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    After browning the meat in a little oil, I put the liquid that was used in the pan into the jar with the meat, add hot water until there is about 1 in of head space left. 10lbs for 90 minutes if using quart jars, 75mins for pints.

    After your time is done and all the pressure is out of the canner, open it up and take the cans out right away, place them on a grate and let them cool. after about 10 minutes you should hear each one POP, a little metallic ting noise. I usually wait till I hear every jar pop, then check the tops to see if they are sucked down. Any questionable one I open up and eat. Yes, they will burp and spit stuff out while cooking, they dont seal until they start to cool. If you are leaving them in the canner in the hot water until everything is cool to the touch, this may be preventing them from sealing.
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    Quote Originally Posted by FL2AK-Old Town View Post
    Sooooo...puddle of water on top of the lid and little jar contents (oil or grease in this case) in the watr in the canner doesn't necessarily mean a can didn't seal? Hmmm.

    The jars are already cool to the touch, and the lids are sucked down with no flexing. The extension service website says to let cans cool 12 hours. I'll check them again in the morning. Maybe I'm just bein paranoid because I've never done this before.

    Thanks, BK
    You bet, sounds like your doing it right. Once cool to the touch, (an hour or two usually) I screw the lids down tight, and put them back in the cardboard box for storage. As long as the lids don't flex, your doing it right. As they cool the glue on the lid seals them up tight.
    Try some variety, like taco seasoning or veggies to make a stew....good stuff!

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    Quote Originally Posted by bkmail View Post
    Once cool to the touch, (an hour or two usually) I screw the lids down tight, and put them back in the cardboard box for storage.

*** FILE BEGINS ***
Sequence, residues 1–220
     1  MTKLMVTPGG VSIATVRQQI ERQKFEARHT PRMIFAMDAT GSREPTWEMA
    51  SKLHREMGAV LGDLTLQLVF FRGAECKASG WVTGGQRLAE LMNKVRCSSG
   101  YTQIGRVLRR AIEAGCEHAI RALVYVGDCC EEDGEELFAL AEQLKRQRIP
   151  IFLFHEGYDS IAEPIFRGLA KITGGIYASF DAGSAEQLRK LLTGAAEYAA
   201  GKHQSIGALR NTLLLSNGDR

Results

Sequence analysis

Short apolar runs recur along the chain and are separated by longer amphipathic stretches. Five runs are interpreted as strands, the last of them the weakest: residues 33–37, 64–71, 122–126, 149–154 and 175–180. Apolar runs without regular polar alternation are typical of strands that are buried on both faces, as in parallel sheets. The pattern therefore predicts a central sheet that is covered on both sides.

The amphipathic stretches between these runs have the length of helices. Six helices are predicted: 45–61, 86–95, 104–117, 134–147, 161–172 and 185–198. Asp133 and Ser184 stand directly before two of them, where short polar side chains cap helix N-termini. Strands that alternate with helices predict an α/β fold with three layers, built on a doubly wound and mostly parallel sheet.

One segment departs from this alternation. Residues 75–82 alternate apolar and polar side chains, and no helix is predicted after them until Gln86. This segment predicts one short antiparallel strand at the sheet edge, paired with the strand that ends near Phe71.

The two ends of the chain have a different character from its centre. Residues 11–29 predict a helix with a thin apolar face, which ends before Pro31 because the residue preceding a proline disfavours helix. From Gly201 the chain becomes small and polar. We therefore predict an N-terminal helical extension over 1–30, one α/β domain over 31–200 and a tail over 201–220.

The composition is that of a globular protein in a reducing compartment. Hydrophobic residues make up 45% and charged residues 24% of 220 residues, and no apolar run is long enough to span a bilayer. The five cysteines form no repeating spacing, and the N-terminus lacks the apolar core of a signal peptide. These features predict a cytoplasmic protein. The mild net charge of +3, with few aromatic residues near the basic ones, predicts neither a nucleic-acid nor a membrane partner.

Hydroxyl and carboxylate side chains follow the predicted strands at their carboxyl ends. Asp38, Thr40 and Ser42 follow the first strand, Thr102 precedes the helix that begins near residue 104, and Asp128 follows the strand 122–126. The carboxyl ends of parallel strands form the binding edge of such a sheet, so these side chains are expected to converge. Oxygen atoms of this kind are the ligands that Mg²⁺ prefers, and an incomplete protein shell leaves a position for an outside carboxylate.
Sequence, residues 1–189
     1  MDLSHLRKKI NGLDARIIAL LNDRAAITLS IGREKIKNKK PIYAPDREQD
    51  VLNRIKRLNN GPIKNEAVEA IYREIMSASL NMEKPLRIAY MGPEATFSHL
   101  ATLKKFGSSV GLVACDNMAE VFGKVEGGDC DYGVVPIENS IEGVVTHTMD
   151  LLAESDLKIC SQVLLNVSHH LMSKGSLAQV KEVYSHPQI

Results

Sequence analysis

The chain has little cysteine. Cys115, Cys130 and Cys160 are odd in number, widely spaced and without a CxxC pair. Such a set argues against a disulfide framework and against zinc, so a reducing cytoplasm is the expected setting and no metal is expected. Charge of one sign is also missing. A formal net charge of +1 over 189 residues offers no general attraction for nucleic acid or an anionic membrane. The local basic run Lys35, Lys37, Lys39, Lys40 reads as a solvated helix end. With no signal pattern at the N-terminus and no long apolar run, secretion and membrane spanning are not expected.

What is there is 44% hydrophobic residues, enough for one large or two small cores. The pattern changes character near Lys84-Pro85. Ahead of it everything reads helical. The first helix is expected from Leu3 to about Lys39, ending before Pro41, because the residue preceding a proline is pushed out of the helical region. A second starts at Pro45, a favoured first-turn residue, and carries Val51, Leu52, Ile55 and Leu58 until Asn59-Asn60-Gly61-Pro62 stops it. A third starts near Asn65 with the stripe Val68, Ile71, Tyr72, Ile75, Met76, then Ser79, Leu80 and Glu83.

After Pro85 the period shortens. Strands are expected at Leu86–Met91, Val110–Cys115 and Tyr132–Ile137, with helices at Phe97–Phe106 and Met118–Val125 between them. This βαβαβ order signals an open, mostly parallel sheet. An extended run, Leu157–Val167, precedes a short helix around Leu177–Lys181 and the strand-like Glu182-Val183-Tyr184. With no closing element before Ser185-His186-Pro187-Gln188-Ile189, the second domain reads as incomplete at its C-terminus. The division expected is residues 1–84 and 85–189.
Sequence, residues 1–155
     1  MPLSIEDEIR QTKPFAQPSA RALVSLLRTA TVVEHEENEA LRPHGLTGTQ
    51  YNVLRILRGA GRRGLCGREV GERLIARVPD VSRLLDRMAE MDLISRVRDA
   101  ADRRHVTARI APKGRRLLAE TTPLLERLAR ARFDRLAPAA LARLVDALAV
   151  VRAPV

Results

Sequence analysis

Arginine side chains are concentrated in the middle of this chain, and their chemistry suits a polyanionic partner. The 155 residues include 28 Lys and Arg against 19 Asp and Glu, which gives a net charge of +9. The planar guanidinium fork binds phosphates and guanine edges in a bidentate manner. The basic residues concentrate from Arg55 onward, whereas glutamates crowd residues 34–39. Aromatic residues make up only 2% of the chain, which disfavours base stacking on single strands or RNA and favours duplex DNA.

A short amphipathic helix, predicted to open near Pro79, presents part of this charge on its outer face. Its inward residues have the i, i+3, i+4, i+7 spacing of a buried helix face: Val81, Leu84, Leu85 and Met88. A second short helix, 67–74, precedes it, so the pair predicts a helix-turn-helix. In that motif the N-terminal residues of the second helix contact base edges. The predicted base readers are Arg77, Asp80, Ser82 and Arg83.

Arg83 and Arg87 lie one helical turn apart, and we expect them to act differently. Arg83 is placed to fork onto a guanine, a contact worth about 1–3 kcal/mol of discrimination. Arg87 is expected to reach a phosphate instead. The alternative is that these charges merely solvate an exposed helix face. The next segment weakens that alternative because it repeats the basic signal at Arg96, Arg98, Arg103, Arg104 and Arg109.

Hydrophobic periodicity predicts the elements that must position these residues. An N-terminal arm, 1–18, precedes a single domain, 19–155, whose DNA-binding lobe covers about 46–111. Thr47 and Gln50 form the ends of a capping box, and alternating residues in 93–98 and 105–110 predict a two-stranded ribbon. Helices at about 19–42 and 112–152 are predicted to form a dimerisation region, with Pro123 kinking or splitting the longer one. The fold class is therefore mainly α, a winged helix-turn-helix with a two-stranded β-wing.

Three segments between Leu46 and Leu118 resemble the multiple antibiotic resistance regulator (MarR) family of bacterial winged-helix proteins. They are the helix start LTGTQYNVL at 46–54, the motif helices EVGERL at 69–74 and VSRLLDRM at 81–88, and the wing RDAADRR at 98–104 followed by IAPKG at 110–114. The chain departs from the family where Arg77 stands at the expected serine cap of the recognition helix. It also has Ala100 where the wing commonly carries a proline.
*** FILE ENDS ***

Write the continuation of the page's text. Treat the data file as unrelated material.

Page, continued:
I'm not sure if I am misreading this, but I was taught to remove the screw lids after the jars are cool to the touch. I rinse them and store them after they dry. If I leave them on the jar, they tend to rust and I can't re-use them.

    I am also one of the heathens who re-use my lids. I know that I'm on the fast track to hell and, I guess, botulism, but I still do it. Never had a problem.

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    Quote Originally Posted by HikerDan View Post
    ...I was taught to remove the screw lids after the jars are cool to the touch. I rinse them and store them after they dry. If I leave them on the jar, they tend to rust and I can't re-use them.

    I am also one of the heathens who re-use my lids. I know that I'm on the fast track to hell and, I guess, botulism, but I still do it. Never had a problem.
    Yeah, no need to store them with the rings on the jars.

    But reusing your lids?? Straight to hell, for sure.
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    Quote Originally Posted by HikerDan View Post
    I'm not sure if I am misreading this, but I was taught to remove the screw lids after the jars are cool to the touch. I rinse them and store them after they dry. If I leave them on the jar, they tend to rust and I can't re-use them.

    I am also one of the heathens who re-use my lids. I know that I'm on the fast track to hell and, I guess, botulism, but I still do it. Never had a problem.
    That's how my grandmother did it. She also re-used the lids and congestive heart failure got her before the botulism did. I, on the other hand, won't be re-using the lids-too cheap to take a risk.) Since my last post, Ive noticed that the natural grease in the meat has solidified against the glass. Actually looks kinda icky lol.

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    Moderator bkmail's Avatar
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    I don't reuse the lids. I store my jars in a cool dry atmosphere. Rust has not been an issue, as our stuff rarely lasts more than a year.
    Either way, glad it worked for you.
    Now, time to start your next processing adventure, dehydrating stuff....jerky, carrots, fruit, and such!
    Bk

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    Personally, I don't pre-wash my lids with soap... If I'm hot packing for water bath canning, I boil the lids and the jars to sterilize them prior to filling. (Same for beer bottle caps; they get boiled to sterilize before capping). But if I'm cold packing jars for pressure canning, I just use new lids straight out of the box.
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    Quote Originally Posted by iofthetaiga View Post
    Personally, I don't pre-wash my lids with soap... If I'm hot packing for water bath canning, I boil the lids and the jars to sterilize them prior to filling. (Same for beer bottle caps; they get boiled to sterilize before capping). But if I'm cold packing jars for pressure canning, I just use new lids straight out of the box.